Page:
Find any E-Mail Address or Proxy Address In Active Directory

Active Directory, Exchange, Lync / Skype for Business, Office 365

Here is another common request for any Exchange or Unified Communications administrator. Someone will usually pop by and ask, “Who has this e-mail address?” The address could be one of many different types of objects. A user mailbox, shared mailbox, distribution list, public folder, contact or resource could all contain that specific e-mail address. The problem with the Exchange Management Console in Exchange 2010 does not allow you to find any e-mail address only the primary. The Exchange 2013 and Office 365 Exchange Admin Center do allow you to search through Advanced Search > EmailAddresses but it does not allow wild card searches and you must search each type (mailbox, group, resource, contact) separately.┬áThere may also be times where a duplicate address was assigned as direct access to Active Directory does allow for a duplicate e-mail address causing delivery failures. If you are looking from simply an Exchange perspective the Exchange commandlets will work fine. You may need to use the Active Directory commandlets which will search items not enabled within Exchange. Here are the examples along with a function example allowing you to quickly look for an e-mail address or e-mail addresses in the future.

Exchange Commandlets
Step #1: The following Exchange commandlet is the easiest method to find a specific e-mail address or portion of an e-mail address. This will find any object within Exchange that has an exact match to the e-mail address you place in the filter with -eq or email portion when using -like.

Step #2: The following examples highlight the individual commandlets that target and return the specific Exchange object types. You can substitute -eq with -like to include wild cards.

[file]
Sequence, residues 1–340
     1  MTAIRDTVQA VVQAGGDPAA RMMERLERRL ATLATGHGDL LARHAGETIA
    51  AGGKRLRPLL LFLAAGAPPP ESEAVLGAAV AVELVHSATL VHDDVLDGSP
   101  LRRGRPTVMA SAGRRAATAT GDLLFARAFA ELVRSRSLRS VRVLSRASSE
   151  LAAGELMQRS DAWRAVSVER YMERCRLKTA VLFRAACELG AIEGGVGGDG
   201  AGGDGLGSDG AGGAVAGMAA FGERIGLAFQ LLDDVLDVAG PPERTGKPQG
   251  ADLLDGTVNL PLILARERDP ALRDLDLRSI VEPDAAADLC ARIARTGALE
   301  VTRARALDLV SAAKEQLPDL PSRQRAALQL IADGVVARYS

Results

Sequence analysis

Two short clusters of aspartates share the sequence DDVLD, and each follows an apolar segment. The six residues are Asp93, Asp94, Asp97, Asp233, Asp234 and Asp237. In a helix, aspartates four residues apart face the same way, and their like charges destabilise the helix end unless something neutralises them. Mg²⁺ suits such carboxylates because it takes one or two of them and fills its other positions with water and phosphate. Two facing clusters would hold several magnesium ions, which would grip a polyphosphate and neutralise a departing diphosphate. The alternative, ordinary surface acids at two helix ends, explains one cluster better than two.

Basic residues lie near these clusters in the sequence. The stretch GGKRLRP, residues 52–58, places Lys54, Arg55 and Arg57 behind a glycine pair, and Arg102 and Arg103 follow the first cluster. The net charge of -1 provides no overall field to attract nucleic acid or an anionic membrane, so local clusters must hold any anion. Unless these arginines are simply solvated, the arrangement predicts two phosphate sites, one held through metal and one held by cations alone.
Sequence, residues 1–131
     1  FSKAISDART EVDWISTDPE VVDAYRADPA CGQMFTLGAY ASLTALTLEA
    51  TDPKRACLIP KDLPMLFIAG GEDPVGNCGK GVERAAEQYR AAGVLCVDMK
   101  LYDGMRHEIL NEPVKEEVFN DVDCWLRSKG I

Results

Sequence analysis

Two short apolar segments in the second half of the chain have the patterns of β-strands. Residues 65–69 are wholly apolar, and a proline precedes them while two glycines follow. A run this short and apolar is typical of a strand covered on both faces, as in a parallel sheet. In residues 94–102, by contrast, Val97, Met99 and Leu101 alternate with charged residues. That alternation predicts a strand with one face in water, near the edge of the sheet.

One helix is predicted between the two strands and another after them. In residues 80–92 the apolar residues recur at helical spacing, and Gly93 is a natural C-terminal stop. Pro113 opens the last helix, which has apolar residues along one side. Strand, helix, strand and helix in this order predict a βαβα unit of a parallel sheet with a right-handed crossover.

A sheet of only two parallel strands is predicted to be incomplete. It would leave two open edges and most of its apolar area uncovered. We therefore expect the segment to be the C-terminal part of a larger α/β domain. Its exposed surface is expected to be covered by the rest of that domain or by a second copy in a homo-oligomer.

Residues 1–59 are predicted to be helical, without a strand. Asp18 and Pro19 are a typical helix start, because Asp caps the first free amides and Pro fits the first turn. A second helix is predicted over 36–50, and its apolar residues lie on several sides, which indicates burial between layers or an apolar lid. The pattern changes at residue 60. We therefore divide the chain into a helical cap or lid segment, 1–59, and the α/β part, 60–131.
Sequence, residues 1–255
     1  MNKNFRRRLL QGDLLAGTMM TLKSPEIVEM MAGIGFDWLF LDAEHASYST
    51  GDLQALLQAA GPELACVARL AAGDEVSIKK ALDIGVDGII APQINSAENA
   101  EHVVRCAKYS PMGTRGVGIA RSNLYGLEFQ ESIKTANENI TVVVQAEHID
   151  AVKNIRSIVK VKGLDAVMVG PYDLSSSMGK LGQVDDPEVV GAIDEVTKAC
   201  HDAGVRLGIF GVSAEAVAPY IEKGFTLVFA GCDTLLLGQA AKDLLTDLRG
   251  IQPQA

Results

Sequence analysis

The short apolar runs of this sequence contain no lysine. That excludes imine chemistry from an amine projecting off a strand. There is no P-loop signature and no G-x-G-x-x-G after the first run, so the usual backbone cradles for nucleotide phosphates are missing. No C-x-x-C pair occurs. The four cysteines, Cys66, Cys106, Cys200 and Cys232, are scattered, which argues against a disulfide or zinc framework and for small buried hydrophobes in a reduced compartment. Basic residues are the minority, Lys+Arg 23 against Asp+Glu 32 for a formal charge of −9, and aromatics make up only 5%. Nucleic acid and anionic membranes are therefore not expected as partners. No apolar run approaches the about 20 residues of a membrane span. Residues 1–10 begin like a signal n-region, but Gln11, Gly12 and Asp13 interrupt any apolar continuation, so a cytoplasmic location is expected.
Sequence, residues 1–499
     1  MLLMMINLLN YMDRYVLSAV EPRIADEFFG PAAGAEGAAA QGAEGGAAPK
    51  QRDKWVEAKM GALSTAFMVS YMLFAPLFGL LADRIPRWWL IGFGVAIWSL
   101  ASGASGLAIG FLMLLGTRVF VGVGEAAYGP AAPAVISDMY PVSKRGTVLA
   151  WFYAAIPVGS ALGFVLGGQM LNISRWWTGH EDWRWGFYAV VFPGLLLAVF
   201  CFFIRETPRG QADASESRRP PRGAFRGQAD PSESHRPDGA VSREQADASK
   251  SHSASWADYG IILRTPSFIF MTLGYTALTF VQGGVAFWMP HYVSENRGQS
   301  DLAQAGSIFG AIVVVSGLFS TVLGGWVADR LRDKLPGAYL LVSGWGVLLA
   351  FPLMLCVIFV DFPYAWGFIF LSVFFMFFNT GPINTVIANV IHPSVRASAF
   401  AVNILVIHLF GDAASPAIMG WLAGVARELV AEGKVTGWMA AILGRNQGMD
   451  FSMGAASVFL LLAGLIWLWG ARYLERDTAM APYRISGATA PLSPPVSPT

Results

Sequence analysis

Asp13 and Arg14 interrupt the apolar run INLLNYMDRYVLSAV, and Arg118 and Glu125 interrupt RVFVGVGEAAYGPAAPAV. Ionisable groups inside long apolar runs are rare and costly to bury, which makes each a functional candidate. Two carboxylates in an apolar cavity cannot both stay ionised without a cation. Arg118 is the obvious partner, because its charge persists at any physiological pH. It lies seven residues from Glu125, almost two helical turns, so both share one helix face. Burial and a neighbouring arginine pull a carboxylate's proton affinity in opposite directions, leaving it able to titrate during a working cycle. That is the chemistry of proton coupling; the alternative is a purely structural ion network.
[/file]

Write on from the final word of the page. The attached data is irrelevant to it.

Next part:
Active Directory Commandlets
Pre-Step: Before proceeding you may need to import the Active Directory commandlets on older versions of PowerShell. Check into Step #4 for the Exchange commandlets that will also work in Office 365.

Step #1A: The following example will find any active directory object that has an exact match to the e-mail address you place in the filter ie. email@yourdomain.com in this case.

Step #1B: There may be times when you want to search just a portion of the e-mail address. Perhaps you don’t know the exact spelling or domain that is used and you want to grab each one that is similar. This filter will also grab not only smtp addresses but other types such as x500: eum: sip: etc.

Step #1C: The third option is to use a LDAP query to find the matching object. The following LDAP query uses a | as an OR statement to look for the address in both the mail and proxyAddresses attributes.

Step #1D: The following LDAP query adds a wild card to the search which also allows you to find a portion of the e-mail address if you do not know the specifics.

Step #2: The next step I will show you is how to search the different type of email addresses that may exist. These types may be x500: eum: sip: etc. All you need to do is place the prefix and email portion in the proxyAddresses filter. This example looks for a sip address of email@yourdomain.com.

Step #3: Here we create a function that accepts input to find an e-mail address of any type. I utilize the -like and wildcards to catch all possible types. You can simply create the function in PowerShell to be able to check any address later with a lot less effort.

As with all of my posts, I look forward to any questions or scenarios that you have in your environment. If you have any questions please post below.

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